Anjuli Shukla, award-winning cinematographer

Ten years from now, you will see more women pursuing cinematography and many other rarely explored areas of filmmaking.

Published: 04th April 2011 10:23 PM  |   Last Updated: 16th May 2012 07:18 PM   |  A+A-

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Anjuli Shukla (Pic: ENS).

CHENNAI: She is the first Indian woman to have won the Silver Lotus National Film Award. Her tryst with cinematography began with Shaji N Karun’s 2009 film ‘Kutty Srank’, which won her the prestigious award.

For a woman cinematographer early into her career, this may be a major achievement, but Anjuli Shukla is as humble as ever.

“This is just the beginning. When I took up ‘Kutty Srank’, I treated it as a task that needed to be accomplished in the best possible manner. But I never dreamt that it would land me an award. It sure feels good, but the responsibilities are more now,” she says.

Post the success of ‘Kutty Srank’, Anjuli has been busy. Her first film as assistant cinematographer was ‘Anandabhadram’ with Santosh Sivan. She worked as an assistant cinematographer in Santosh’s Malayalam film ‘Urumi’, which released on April 1.

“I started my career as an associate/assistant with Santosh Sivan. I have also worked in Hollywood films with him, including ‘Before the Rains’ and ‘Mistress of Spices’. I assisted him in ‘Raavanan’ and ‘Raavan’. Santosh Sivan has mentored me through this journey and there is still a long way to go,” she says.

Anjuli works from Chennai and Mumbai, and says that her passion helps her go that extra mile. A career in cinematography was a result of her consistent and sustained interest in filmmaking. “It had to be something related to films. I have always liked still-photography, and the dynamics of camera movement got me thoroughly involved. I studied at the Film and Television Institute of India, when my student film was screened at a film festival in Poland. I saw many other entries there and learnt of the myriad ways of handling the camera,” says Anjuli, who grew up in Lucknow, a town that added little fuel to her film aspirations.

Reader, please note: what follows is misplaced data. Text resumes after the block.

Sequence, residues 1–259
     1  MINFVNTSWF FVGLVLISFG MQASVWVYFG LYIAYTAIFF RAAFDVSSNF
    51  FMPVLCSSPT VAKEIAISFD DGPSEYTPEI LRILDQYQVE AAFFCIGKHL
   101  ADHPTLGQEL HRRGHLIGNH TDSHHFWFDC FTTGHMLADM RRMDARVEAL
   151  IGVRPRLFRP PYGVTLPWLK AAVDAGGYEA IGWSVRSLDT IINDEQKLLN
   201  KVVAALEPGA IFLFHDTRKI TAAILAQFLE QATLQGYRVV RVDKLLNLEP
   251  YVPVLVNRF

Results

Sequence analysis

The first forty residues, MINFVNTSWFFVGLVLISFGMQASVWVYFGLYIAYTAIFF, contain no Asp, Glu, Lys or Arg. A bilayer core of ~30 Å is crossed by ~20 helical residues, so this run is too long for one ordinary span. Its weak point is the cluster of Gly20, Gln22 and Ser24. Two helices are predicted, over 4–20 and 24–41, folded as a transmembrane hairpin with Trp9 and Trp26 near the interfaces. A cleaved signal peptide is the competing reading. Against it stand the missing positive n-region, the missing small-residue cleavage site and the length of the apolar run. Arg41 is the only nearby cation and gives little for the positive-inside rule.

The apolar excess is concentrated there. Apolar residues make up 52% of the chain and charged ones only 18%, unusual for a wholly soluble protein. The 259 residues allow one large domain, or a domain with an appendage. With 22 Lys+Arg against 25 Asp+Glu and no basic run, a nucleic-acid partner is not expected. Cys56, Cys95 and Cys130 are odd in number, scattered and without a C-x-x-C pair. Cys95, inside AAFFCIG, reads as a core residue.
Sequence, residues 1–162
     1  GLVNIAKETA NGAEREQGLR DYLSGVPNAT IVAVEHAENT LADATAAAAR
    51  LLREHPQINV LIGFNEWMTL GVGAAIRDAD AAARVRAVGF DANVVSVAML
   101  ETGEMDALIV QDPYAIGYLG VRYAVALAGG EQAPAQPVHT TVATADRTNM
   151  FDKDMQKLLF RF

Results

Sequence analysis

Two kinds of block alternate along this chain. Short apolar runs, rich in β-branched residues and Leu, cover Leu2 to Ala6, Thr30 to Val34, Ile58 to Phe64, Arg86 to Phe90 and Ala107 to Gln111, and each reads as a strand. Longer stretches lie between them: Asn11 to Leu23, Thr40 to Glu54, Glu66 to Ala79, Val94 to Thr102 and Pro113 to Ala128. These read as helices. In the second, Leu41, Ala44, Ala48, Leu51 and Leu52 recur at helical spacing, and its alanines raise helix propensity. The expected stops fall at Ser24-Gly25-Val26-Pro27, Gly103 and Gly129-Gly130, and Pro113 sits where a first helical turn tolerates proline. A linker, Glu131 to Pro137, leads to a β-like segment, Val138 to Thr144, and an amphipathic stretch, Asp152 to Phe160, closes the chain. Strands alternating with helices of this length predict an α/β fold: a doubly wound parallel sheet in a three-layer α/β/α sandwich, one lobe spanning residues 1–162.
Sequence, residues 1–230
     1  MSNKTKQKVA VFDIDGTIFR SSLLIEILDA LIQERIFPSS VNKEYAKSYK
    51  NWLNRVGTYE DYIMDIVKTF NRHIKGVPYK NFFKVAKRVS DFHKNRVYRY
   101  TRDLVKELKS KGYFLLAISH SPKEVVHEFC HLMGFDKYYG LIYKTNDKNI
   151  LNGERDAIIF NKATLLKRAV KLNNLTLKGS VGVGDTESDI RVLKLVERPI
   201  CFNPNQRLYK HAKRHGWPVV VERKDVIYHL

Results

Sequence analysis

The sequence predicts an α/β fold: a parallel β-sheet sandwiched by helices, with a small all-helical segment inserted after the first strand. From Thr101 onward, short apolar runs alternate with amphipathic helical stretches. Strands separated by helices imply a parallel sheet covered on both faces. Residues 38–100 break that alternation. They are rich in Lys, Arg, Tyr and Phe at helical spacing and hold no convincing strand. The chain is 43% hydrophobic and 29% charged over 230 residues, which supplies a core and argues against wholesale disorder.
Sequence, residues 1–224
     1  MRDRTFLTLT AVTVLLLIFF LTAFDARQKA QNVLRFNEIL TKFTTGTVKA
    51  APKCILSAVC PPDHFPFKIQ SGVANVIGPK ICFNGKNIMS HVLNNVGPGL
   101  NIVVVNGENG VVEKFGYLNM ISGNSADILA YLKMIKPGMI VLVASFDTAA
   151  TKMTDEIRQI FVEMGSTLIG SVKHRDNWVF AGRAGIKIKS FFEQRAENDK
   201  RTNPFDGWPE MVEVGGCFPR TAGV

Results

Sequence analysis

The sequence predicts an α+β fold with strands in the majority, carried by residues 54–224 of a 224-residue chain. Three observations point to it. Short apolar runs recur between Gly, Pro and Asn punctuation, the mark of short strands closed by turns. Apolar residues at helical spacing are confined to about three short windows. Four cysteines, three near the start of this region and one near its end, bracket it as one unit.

Pursuing an art that often throws numerous challenges for a woman, including erratic working hours and physical toil, Anjuli says she had prepared herself even before it all began. “If that’s the nature of the profession, you have to abide by it. Ten years down the line, you will see more women pursuing cinematography and many other rarely explored areas of filmmaking. It’s like the history of medicine. Years ago, one never heard of women doctors. Today, they have aced in so many specialized areas. You have to be the change you want to see, and if you are determined, there’s no stopping you.”

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